Okay, so it’s not the Federal Communications Commission (FCC) that’s going to tier the internet so much as they’re going to take a hands off approach to Comcast and Netflix’s latest “give me better service than everyone else” plan to charge you more money for slightly better streaming video. People might recall that I mentioned this back in February and cited the general sentiment among Netflix’s competitors as being basically “this is a terrible idea for business.” Since then, Google, Facebook, Amazon, and, ironically, Netflix have all come out in favor of not allowing ISPs like Comcast to charge them more money for an equal level of service.
What did the FCC think of this appeal on the part of actual businesses? According to the Washington Post, not much.
The Federal Communications Commission on Thursday voted in favor of advancing a proposal that could dramatically reshape the way consumers experience the Internet, opening the possibility of Internet service providers charging Web sites for higher-quality delivery of their content to American consumers.
The plan, approved in a three-to-two vote along party lines, could unleash a new economy on the Web where an Internet service provider such as Verizon would charge a Web site such as Netflix for faster video streaming. The proposal would, though, prohibit telecom firms from outright blocking Web sites.
A Party line vote? I can’t imagine which Party voted which way (the Democrats all voted for this) and that’s ironic considering that the current head of the FCC, the man who wants to see a tiered internet be allowed, is actually an Obama appointee and it’s usually the GOP that’s pro-big business. And to sweeten the pot, FCC Chair Tom Wheeler, like former Fed Secretary of the Treasury Timothy Geithner before him, is a former industry insider and was an actual lobbyist for the cable and wireless industry before being nominated to the FCC. I know, likely just a coincidence that he’s for this.
Why should I care? I know, you may be asking yourself that. Well, aside from the more esoteric and possibly completely abstract-to-you idea that business startups deserve to rise and fall on their merits rather than because they’ve been priced out of the market there’s the simple fact that any cost of making deals with ISPs like Comcast for faster internet will be passed straight to you, the consumer. You already pay, what, $50 bucks a month for a decent connection to the web plus you pay your monthly Netflix subscription costs. Well, now Netflix will have to raise prices in order to make up the cost of paying Comcast for “the fast.” So, what if Hulu wants even faster internet than Netflix? Then Netflix has to pay even more to reach parity with Hulu. Then, as a result of all this additional bandwidth demand, Comcast says they have to start charging you more for your internet connection because they have to build out more capacity.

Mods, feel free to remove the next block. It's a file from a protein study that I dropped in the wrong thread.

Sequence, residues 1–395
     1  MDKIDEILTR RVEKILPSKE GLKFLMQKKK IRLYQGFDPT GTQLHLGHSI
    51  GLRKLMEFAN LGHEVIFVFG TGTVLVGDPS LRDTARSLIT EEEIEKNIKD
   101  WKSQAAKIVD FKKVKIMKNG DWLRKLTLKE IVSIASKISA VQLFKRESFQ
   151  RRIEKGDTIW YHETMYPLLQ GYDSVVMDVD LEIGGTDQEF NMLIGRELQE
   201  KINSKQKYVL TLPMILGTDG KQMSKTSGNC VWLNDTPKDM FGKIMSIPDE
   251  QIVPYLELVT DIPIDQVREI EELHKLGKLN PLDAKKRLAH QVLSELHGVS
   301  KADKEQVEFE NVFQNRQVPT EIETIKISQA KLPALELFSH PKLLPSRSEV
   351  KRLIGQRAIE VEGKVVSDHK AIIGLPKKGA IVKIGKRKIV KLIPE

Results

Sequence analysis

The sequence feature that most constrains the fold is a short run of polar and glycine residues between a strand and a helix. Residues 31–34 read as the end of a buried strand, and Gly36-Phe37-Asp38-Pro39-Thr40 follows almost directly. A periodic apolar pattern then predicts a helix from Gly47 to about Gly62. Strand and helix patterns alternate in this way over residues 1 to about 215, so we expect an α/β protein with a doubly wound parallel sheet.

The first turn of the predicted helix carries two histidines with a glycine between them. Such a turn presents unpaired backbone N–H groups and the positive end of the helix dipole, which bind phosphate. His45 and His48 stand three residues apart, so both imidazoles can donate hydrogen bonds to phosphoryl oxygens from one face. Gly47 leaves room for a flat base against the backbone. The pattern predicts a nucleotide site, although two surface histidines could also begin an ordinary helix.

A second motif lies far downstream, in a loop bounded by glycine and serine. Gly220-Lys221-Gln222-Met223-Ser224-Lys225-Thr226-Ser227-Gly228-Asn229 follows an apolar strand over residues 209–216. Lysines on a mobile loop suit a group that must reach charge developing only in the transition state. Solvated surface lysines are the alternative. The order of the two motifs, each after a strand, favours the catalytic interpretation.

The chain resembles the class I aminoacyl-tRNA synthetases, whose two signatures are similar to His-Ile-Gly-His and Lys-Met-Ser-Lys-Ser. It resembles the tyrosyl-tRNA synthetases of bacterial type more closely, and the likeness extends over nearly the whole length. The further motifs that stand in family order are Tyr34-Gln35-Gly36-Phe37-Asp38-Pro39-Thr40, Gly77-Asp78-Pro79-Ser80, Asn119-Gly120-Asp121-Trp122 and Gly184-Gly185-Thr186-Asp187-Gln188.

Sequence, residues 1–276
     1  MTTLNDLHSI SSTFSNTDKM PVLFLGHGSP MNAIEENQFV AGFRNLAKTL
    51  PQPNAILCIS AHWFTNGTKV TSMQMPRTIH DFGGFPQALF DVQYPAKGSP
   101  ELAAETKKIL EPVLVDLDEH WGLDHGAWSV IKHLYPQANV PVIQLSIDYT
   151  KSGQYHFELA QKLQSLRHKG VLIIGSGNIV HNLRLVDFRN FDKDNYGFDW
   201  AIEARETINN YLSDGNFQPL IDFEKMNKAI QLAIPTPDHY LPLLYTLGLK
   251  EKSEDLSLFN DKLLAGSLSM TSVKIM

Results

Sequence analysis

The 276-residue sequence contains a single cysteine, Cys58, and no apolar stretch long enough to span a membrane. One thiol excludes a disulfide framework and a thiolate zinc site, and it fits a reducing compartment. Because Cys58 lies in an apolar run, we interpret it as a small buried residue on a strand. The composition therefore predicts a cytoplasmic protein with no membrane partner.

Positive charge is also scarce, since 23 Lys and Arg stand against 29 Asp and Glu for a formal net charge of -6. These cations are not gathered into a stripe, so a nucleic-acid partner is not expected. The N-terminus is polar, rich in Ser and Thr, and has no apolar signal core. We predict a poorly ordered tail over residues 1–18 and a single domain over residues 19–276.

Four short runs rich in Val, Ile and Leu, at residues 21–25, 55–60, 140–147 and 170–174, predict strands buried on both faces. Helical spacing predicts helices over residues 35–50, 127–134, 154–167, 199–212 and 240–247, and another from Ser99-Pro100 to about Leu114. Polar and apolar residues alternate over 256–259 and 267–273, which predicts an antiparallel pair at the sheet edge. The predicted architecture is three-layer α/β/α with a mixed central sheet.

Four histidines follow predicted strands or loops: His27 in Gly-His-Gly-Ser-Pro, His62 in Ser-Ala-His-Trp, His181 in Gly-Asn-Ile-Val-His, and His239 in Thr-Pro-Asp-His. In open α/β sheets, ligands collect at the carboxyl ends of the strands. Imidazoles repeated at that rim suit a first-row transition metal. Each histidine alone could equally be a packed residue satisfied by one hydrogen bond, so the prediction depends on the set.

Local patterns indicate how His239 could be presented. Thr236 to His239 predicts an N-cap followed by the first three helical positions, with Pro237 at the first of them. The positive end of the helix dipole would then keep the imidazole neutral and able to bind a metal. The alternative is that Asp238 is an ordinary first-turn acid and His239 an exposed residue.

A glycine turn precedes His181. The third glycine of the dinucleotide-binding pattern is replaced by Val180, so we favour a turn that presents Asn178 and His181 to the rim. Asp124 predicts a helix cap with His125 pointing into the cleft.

Do you see where I’m going here? This results in a much worse internet and it will become far more expensive to get entertainment without actually having cable which, I’m sure, is just another happy little coincidence for the ISPs.
So now we wait for 120 days to see what the final verdict on all this will be. This is the commenting period for the proposed FCC plan. What will be the result of this if the FCC’s current plan goes through? Well, if you don’t believe me then let’s ask the FCC from the year 2010 what they think of the idea. Here’s what they had to say:
[I]f permitted to deny access, or charge edge providers for prioritized access to end users, broadband providers may have incentives to allow congestion rather than invest in expanding network capacity.
Broadband providers would be expected to set inefficiently high fees to edge providers because they receive the benefits of those fees but are unlikely to fully account for the detrimental impact on edge providers’ ability and incentive to innovate and invest, including the possibility that some edge providers might exit or decline to enter the market… Moreover, fees for access or prioritized access could trigger an “arms race” within a given edge market segment. If one edge provider pays for access or prioritized access to end users, subscribers may tend to favor that provider’s services, and competing edge providers may feel that they must respond by paying, too.
Fees for access or prioritization to end users could reduce the potential profit that an edge provider would expect to earn from developing new offerings, and thereby reduce edge providers’ incentives to invest and innovate. In the rapidly innovating edge sector, moreover, many new entrants are new or small “garage entrepreneurs,” not large and established firms. These emerging providers are particularly sensitive to barriers to innovation and entry, and may have difficulty obtaining financing if their offerings are subject to being blocked or disadvantaged by one or more of the major broadband providers.
If broadband providers can profitably charge edge providers for prioritized access to end users, they will have an incentive to degrade or decline to increase the quality of the service they provide to non-prioritized traffic. This would increase the gap in quality (such as latency in transmission) between prioritized access and non-prioritized access, induce more edge providers to pay for prioritized access, and allow broadband providers to charge higher prices for prioritized access. Even more damaging, broadband providers might withhold or decline to expand capacity in order to “squeeze” non-prioritized traffic, a strategy that would increase the likelihood of network congestion and confront edge providers with a choice between accepting low-quality transmission or paying fees for prioritized access to end users.
tl;dr The FCC from 2010 said that what the current FCC is trying to do would destroy the internet. Go here for more reasons why that’s true.